Last week in
LED Dashboard Indicator, Part 1
we showed you how to mount a high intensity LED in a nylon housing
suitable for mounting on the dash or an A-pillar. Now it’s time to make the LED
work off 12V and as a bonus, dim itself at night. In addition, in this story
we’ll also show you how you can have adjustable brightness levels for both day
and night viewing.
Unlike a normal 12V pilot light, you can’t just
connect a LED across the car battery and expect it to last more than a second or
two. Instead, a resistor needs to be inserted in series to limit the current
flow to what is appropriate for the particular LED. Some people just use a rule
of thumb (like use a 560 ohm resistor when running a LED off a car battery) and
in the past that worked fine. But these days with lots of different LEDs
available, if you want the highest possible LED output, you need to tailor the
resistor value more closely to the LED specifications.
In addition to colour, intensity and package size,
LEDs have two other important specs. One is the forward voltage drop and the
other is the maximum current. With these two bits of information (which are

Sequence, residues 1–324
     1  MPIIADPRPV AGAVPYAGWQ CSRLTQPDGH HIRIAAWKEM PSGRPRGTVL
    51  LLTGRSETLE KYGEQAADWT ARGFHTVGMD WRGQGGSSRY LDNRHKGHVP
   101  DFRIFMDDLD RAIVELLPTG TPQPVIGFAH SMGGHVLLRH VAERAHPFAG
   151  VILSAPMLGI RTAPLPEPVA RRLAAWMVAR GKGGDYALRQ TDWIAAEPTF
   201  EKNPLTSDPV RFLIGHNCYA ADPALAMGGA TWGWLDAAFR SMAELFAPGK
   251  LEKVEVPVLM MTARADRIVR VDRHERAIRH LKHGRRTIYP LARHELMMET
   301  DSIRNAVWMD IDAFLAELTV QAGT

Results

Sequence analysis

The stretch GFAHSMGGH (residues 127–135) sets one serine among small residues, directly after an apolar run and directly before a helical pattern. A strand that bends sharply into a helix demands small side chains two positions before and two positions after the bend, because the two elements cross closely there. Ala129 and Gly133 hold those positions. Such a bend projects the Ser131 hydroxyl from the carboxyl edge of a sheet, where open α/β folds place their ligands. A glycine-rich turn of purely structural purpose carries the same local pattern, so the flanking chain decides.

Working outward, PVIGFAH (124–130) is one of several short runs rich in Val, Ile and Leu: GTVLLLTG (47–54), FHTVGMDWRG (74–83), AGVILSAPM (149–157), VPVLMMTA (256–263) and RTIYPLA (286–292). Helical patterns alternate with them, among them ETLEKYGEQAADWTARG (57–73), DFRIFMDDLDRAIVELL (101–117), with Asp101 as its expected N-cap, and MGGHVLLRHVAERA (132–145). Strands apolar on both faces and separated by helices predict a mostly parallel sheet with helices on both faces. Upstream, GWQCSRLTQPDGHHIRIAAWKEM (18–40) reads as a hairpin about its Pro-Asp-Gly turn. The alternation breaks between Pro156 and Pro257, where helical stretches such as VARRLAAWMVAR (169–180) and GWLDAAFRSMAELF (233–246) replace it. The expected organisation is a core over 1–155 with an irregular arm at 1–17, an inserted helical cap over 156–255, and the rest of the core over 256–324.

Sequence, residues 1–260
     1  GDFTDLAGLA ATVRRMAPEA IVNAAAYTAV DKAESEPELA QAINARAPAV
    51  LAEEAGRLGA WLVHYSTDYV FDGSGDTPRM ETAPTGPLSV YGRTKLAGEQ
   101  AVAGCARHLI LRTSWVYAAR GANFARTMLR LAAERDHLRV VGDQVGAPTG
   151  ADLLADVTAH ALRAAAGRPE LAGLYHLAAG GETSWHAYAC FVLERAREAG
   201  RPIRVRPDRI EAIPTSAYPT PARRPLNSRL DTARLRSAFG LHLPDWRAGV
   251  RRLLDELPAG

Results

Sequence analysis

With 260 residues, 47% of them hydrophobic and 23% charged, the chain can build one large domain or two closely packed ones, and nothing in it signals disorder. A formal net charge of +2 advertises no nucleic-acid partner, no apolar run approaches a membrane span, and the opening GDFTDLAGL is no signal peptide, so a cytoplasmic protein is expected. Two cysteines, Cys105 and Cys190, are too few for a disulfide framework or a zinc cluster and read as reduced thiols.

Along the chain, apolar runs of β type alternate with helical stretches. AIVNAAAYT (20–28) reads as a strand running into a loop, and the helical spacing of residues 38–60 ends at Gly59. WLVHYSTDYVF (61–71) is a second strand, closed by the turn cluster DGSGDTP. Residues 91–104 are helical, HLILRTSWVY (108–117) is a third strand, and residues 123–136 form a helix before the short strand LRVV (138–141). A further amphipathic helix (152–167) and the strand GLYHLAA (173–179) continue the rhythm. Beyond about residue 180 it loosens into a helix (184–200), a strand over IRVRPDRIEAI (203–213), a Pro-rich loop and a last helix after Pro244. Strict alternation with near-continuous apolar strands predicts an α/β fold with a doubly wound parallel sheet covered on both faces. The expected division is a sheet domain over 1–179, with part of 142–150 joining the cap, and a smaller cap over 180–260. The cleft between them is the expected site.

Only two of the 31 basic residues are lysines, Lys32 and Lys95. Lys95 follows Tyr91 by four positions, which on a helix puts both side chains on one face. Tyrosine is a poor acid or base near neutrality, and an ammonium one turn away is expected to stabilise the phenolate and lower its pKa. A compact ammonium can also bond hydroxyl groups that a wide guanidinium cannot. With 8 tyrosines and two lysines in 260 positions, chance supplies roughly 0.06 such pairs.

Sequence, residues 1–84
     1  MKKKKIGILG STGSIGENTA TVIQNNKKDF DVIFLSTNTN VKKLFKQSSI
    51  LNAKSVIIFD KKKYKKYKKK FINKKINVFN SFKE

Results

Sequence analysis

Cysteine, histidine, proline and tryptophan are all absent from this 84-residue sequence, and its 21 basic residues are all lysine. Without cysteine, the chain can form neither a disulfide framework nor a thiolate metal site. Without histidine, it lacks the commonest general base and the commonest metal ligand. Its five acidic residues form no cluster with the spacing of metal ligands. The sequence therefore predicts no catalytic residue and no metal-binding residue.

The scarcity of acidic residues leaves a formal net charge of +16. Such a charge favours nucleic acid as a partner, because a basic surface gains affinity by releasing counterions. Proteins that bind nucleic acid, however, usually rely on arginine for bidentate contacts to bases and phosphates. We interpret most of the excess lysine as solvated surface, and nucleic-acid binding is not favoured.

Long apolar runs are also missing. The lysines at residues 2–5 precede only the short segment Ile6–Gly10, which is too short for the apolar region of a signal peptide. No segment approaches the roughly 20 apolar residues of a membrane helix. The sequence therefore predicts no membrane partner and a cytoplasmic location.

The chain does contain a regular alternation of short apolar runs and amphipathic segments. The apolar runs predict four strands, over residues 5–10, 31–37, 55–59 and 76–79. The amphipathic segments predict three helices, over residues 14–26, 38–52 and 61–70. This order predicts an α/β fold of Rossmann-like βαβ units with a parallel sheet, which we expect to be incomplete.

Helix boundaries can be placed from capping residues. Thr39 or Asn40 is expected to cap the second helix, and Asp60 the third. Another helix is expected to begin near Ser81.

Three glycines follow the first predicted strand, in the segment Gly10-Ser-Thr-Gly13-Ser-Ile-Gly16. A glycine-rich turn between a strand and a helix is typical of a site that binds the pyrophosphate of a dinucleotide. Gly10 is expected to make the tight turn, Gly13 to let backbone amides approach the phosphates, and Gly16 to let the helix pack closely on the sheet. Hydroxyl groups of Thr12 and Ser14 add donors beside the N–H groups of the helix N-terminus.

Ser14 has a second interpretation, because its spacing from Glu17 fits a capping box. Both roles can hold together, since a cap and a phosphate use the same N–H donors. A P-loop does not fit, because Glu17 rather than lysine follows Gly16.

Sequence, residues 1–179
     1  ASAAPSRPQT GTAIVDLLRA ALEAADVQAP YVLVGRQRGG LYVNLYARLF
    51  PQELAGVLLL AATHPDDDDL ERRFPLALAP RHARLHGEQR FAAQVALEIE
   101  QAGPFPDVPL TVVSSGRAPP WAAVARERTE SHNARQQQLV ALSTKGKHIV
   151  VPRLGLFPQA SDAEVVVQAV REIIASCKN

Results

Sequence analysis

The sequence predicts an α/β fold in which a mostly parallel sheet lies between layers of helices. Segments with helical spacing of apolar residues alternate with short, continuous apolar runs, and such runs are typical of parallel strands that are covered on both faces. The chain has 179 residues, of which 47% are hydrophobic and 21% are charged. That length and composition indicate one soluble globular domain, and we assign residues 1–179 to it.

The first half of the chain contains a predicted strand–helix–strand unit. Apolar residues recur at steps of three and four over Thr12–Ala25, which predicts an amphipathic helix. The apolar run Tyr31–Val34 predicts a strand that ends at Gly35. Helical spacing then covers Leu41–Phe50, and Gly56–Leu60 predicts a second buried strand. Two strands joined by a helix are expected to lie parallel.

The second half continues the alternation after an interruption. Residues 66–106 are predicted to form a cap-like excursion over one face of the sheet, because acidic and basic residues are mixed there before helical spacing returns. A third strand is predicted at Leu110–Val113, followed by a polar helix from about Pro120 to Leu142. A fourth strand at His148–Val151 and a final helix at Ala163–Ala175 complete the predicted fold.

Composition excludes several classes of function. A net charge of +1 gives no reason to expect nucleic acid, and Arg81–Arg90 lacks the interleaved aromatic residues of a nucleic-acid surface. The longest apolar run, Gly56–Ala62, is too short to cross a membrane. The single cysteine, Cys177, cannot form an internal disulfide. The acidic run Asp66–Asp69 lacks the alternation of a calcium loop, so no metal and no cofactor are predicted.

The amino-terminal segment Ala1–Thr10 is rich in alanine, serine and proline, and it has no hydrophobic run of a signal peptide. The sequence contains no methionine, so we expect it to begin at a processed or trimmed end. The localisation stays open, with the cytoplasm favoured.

available from where you buy the LED), calculating the required resistor is
First up, what resistance value should be used?
The following equation gives you the answer.
Resistor = (Supply voltage – LED forward voltage
drop) x 1000/current
So, if you’re supplying a running car voltage of
13.8V, the LED has a forward voltage drop of 3.2V and a current of 100mA, the
Resistor = (13.8 – 3.2) x 1000/100
Resistor = 106 ohms
That 106 ohms will give a pretty bright LED. If
you want it dimmer, you can use a larger value resistor – say nearer 200 ohms.
You can decrease the LED current by picking a larger value resistor, but you
cannot increase the LED current beyond its specs without potentially blowing it
So that you can see exactly what’s happening, it’s
always wise to set your multimeter to measure milliamps and then insert
it in series with the battery, LED and resistor. That way, you can quickly and
easily confirm if what is supposed to be happening, actually is!
The second factor you need to calculate is the
amount of heat the resistor will dissipate. This power can be found by:
Power = (LED current/1000) x (LED current/1000) x
So is this case, that’s:
Power = 0.1 x 0.1 x 106
Power = 1.06 watts
That means that for this LED, you need a resistor
with at least 1 watt power dissipation.
Now there’s no such thing as a 106 ohm resistor –